Do you feel sad and have a depressed mood lately that it’s starting to affect your everyday life? Do you not go to work anymore, and even taking a shower seems like a hard thing to do? You may be experiencing crippling depression.
In the U.S., 7.1% of adults experience at least one episode of major depression in their life; this is according to the National Institute of Mental Health (NIMH). Crippling depression may not be a clinical term. It is a common term for major depression where a person no longer has the willingness or ability to complete everyday tasks. It “cripples” you from doing what you have to do at home, work, school, or relationships.
Crippling depression may sound offensive, especially to persons with disabilities. The correct term to call it is a major depressive disorder. Also, it can be called an overwhelming, debilitating, or devastating form of depression. If you feel like you’re experiencing the symptoms of depression or know someone who experiences loss of interest in doing their everyday task, this is article can help you.
What Is Crippling Depression or Major Depressive Disorder?
Don’t confuse yourselves; crippling depression is just a slang term used for clinical depression (major depressive disorder or major depression). When someone says, “I may have crippling depression,” it may mean that they feel sad and cannot function well every day.
This type of depression needs the medical diagnosis of a psychiatrist, attention of a mental health professional, support of loved ones, lifestyle changes, and even medication. Here is more data you should know about this type of depression.
Causes of Crippling Depression
Like other mental health conditions, depression in any form is a complex medical diagnosis. It can be a combination of causes and risk factors that leads to the development of depression. There are four categories recognized by the NIMH that increases a person’s risk of developing depression:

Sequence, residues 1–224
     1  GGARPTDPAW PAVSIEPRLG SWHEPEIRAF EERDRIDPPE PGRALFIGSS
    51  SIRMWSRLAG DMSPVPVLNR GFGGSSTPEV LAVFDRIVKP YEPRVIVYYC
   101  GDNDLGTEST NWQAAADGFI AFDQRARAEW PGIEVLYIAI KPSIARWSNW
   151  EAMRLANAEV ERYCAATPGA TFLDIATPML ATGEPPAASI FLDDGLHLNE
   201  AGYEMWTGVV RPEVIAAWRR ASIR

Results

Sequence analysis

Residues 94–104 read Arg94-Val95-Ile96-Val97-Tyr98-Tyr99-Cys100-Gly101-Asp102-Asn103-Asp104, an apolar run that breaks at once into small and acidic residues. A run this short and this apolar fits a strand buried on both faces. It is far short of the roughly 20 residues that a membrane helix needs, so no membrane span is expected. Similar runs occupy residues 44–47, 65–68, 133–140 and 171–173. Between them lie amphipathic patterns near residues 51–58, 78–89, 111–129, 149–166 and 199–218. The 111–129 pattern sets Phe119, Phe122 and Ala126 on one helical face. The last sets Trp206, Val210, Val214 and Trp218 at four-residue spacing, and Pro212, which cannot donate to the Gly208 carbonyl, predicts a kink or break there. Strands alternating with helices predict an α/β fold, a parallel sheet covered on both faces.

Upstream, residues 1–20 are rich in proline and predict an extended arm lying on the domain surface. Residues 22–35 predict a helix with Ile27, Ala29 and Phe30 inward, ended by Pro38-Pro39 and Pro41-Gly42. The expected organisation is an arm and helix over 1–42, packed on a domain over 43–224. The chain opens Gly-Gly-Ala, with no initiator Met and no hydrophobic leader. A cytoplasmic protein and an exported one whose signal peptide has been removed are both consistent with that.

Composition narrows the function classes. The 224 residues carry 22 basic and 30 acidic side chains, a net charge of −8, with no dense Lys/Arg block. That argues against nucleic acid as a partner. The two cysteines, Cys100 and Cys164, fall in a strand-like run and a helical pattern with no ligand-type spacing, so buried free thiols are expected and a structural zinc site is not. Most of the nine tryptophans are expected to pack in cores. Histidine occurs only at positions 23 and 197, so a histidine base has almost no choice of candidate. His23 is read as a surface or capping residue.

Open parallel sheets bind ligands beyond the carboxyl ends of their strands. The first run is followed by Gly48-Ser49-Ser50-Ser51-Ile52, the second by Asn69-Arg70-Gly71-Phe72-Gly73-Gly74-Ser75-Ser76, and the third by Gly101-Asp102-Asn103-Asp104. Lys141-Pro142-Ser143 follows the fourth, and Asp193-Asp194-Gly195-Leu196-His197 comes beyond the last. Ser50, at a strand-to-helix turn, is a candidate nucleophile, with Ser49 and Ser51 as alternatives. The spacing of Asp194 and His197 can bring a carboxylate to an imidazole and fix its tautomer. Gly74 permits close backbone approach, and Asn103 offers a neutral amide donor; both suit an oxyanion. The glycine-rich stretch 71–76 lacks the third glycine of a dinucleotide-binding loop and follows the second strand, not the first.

- Genetic Link: It was found that 50% of depression cases have a genetic link. Genetics may play a role in the development of depression. If you have a parent or sibling who had depression, you are at 2-3x more at risk of developing depression than those who do not have a family history of the mental illness.
- Biological Causes: It is found that different biological factors may cause depression. Examples of these biological factors are imbalances in hormones and brain chemicals.
- Environmental Causes: Depression may also be caused by environmental factors. Examples of these are childhood trauma, abuse, the death of a loved one, being bullied at school, job loss, or financial constraints.
- Psychological Causes: Examples are the history of other mental illnesses, severe anxiety, substance abuse, suffering from chronic disorders, or certain medications.
Symptoms of Depression
It’s a normal part of life to feel gloomy or occasionally sad when we have problems. We cannot expect to live life as one peaceful bliss. We just need to know how to live and cope with our problems. But when your problems affect your physical, emotional, social, and mental state, you may be depressed. What are the symptoms of depression? Here’s what you need to know: